# Maximum current is drawn from a cell when it is shorted. But, why?

First, I must apologize for the trivial-sounding question. We've only recently started with Current Electricity in class, and our teacher posed this question (well, something similar) to us.

For what load (resistance) will the current drawn from this (simple) circuit be maximum? Where E is the cell's EMF, r is the internal resistance of the cell, V is the terminal voltage of the cell and R is the resistance of the load.

It was pretty obvious that we'd be able to draw maximum current from the cell if we shorted it...however, we were asked to prove it.

$$V_{cell} = IR$$

Where.

$$V_{cell} = E -Ir$$

So, for a given cell, I assumed V to be constant. In that case, current I is inversely proportional to load resistance R. And since the lowest, real value of R is zero, maximum current would be drawn when the cell is shorted across its terminals.

$$I = \frac{V_{cell}}{R}$$

According to this equation, for R = 0, I'd get infinite current.

My teacher has provided a different proof instead.

We have the equations,

$$V_{cell} = IR$$

$$V_{cell} = E -Ir$$

So, combining them, we get

$$IR = E - Ir$$

Which when rearranged gives,

$$I = \frac{E}{R+r}$$

Clearly, for a given cell, the maximum current is drawn for the lowest value of load resistance, which is R = 0. And the maximum current will be

$$I = \frac{E}{r}$$

[A finite current! :O ]

This is confusing.

Both my "proof" and the one my teacher supplied seem logical. Both our conclusions, qualitatively, make sense (Maximum current when R = 0).

But my "proof" suggests an infinite current will be drawn from the cell, whereas my teacher's proof shows that a finite current ( equal to E/r ) is drawn.

Questions:

1) Where have I gone wrong with my "proof"? It doesn't seem like I've messed up the math... but when compared to my teacher's proof, the infinite current thing doesn't sound right (Hence my assumption that I'm the one who's in the wrong here). Perhaps, I interpreted my own "proof" incorrectly?

2) What would be a better proof (if you know of one) of the fact that current drawn from a cell (with finite internal resistance) is maximum (and finite?) when R = 0?

Additional question (Since this from the same vein as the previous two, I feel it's best posted here instead of in a separate post)

3) I've been told that maximum power is drawn by the load in such a circuit (the one my teacher provided) when R = r. This sounds a little off. Isn't power proportional to current (Since P = VI, and for a given cell, V is constant)? Since we already know that current is maximum when R = 0, shouldn't it make sense for the power to be maximum when current is maximum (i.e- at R = 0)?

• Why is it confusing that the current is finite when the internal resistance r > 0? That's what an internal resistance does. It's a resistance. – Marcus Müller Aug 20 '17 at 10:54
• You're acting as if your cell was an ideal voltage source. It's not – the ideal voltage source is "inside" your cell model, and has voltage E. It always "sees" resistance r plus the load resistance. – Marcus Müller Aug 20 '17 at 10:55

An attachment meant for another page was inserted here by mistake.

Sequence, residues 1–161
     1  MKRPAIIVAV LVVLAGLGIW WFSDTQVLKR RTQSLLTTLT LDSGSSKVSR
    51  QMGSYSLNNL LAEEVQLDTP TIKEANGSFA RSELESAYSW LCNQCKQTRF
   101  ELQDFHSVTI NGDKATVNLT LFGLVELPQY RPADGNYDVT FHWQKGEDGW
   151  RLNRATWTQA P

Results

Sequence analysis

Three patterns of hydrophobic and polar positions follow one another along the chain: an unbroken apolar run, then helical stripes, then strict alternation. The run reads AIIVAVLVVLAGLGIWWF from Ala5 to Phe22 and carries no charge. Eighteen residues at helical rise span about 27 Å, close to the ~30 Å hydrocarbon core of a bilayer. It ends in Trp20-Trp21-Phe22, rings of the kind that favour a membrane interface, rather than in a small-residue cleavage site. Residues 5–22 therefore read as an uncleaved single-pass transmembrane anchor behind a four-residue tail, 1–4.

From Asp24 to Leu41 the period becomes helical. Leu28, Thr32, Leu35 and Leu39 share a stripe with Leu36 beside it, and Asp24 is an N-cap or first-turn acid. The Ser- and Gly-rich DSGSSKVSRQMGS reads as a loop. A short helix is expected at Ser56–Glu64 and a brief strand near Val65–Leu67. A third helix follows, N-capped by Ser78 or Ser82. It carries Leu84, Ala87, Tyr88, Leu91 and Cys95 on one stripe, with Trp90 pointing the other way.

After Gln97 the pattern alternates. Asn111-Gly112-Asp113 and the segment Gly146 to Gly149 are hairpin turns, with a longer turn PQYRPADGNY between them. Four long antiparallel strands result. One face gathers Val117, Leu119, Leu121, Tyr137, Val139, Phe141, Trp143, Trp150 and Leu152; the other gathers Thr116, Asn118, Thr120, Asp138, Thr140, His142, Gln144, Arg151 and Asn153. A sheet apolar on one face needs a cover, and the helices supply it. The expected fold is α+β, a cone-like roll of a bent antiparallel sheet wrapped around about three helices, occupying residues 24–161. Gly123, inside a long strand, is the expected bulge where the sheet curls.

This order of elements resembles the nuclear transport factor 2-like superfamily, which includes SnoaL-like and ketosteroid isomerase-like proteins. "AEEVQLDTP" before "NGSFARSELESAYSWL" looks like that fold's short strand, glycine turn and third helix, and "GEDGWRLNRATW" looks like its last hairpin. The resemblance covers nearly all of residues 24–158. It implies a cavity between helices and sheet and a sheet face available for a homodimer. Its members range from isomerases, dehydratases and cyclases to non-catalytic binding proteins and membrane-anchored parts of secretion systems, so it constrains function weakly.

Maximizing current:

$$V_{cell} = IR$$ and $$V_{cell} = E - Ir$$

You correctly rearranged the first equation to get $$I=\frac{V_{cell}}{R}$$ but then you forgot to substitute the second equation. You have not fully solved for $I$ since $V_{cell}$ is in fact a function of $I$. You must do as your instructor has done and make a substitution: $$I=\frac{E-Ir}{R}$$ and further rearrange this equation to end up with what your instructor provided: $$I=\frac{E}{R+r}$$ To maximize this you want the denominator to be minimized, therefore current is maximized when $R = 0$

Maximizing Power:

You are correct, power is proportional to current. However, in a case such as this when your resistance approaches zero, your voltage likewise approaches zero. Therefore your power approaches zero as well.

In order to solve for the maximum power transfer you have to calculate both $I$ and $V$ as a function of only $R$:

The current through $R$ is, as above: $$I = \frac{E}{R+r}$$ and the voltage across $R$ is: $$V_{cell}=E-Ir = E - \frac{Er}{R+r}$$

Power is therefore: $$P = IV_{cell} = \frac{E^2}{R+r} - \frac{E^2r}{(R+r)^2}$$

Maximize by taking the derivative with respect to $R$ and setting it equal to zero: $$0 = \frac{-E^2}{(R+r)^2} + \frac{2E^2r}{(R+r)^3}$$ Rearrange a bit: $$0 = -(R+r) + 2r$$ and finally, solve for $R$: $$R = r$$

The power delivered to your load resistor is the standard power equation: $P=IV$. However, as your resistor changes, so do both $I$ and $V$. As $R$ increases $V$ increases and $I$ decreases. So it isn't as simple as picking $R$ to maximize either current or voltage. You must maximize their product, as I have shown above.

Here is the false assumption:

So, for a given cell, I assumed V to be constant.

In a real battery, the voltage decreases as current is drawn. A real battery is complicated, but we often model a battery as an ideal voltage source with a series resistor (called source resistance). That is the small r in your circuit above.

The ideal source voltage (E) is constant, but the actual voltage that you could measure across the battery terminals is not.

By the way, it's worth looking at a battery datasheet, such as Energizer E91 AA Alkaline Battery. You can see from the graphs that the real battery behavior is nonlinear, but those curves can be approximated as a line with negative slope -- ideal voltage under no current, and less voltage as current is drawn.